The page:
244 Buchanan Street, Glasgow.
This image from the 1930s shows Stones Ltd at 222 and on the left 224 Buchanan Street which was the site of the Clachan Bar.
Mr Marcus Calder Campbell owned this old bar in 1887, food was catered for as well as good quality liquor. The Campbell family served the locals here until 1913. The pub was then taken over by James Stenhouse, still keeping the Clachan Bar name. The pub closed for good in 1918. The following year it became the Reformer’s Bookstall.
Situated well up in this fashionable street the main bar which opened from Buchanan Street was spacious and luxuriously furnished, substantial armchairs lined the walls opposite the counter bar. The rear of the premises was used as a restaurant where snacks and dinners were served. The famous Glenalbyn blend of old Scotch whisky was dispensed here in all its purity. McEwan’s 126 shilling sweet ale was also served here.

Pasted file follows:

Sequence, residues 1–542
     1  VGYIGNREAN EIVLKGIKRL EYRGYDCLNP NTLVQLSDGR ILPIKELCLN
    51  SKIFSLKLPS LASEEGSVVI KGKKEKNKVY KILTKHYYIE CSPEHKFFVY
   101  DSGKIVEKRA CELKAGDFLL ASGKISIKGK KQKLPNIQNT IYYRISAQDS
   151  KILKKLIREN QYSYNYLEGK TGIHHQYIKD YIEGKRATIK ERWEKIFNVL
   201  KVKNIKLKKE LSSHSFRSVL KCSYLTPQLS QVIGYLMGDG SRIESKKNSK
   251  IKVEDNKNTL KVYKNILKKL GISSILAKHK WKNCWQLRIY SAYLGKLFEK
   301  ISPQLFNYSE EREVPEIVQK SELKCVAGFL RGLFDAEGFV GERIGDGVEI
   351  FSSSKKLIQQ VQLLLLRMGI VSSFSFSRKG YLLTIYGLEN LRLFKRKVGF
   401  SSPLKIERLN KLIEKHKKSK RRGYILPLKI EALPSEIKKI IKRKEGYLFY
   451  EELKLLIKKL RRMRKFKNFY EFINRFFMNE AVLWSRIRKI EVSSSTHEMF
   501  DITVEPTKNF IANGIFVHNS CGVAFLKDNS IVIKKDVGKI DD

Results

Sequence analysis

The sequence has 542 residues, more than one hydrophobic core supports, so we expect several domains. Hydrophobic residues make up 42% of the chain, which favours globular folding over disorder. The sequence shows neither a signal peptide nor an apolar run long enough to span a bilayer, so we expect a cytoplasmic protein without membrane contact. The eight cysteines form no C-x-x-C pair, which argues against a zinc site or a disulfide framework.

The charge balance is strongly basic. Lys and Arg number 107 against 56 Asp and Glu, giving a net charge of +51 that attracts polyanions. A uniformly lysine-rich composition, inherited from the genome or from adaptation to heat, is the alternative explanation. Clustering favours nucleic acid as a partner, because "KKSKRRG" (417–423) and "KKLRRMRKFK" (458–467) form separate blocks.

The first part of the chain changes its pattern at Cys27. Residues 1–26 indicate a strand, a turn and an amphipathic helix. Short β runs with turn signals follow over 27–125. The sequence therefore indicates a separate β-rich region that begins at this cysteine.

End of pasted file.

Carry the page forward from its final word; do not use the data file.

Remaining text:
Cut lemon was always on the counter and other titbits. Mr Campbell had other premises in 299 Argyle Street called the Glen Albyn.
Mrs Campbell 1893.
There has been a pub on this site since 1880, occupied by landlord James Hunter. In 1887 Marcus C Campbell took over the pub, he continued as licensee until his wife took over the running of the business. She introduced a luncheon room at the rear of the premises which proved to be quite successful. Mr & Mrs Campbell were aided by their two sons who worked hard behind the bar during busy times and on summer holidays.
In 1887 Mr Campbell catered for the new Liberal Club in Glasgow, he had the opportunity of showing his skill and good management when the General Committee met at dinner in the Club house in Buchanan Street. The charge for the dinner was most moderate at 4 shillings.
Consomme a Royale, De Poisson lie,
Cabillaud Sauce aux Hultres, Merian Frits,
Boudins de Lievre, Sauce au Vin, Haggis, Cotelettes de Mouton a la Macedoine,
Aloyan de Boeuf Roti, Legumes,
Perdreaux, Pommes de Terre Frits,
Poudin Diplomatique, Croutes a la Liberal Club,
In 1886 Andrew MacGregor, wine and spirit merchant was running the pub, the name of the premises was the Lycern. Before this the property was used as a restaurant. In 1885 it was called the Caledonian Restaurant owned by Mr J Clark.
In 1860 Mrs Graham ran the restaurant and dining rooms.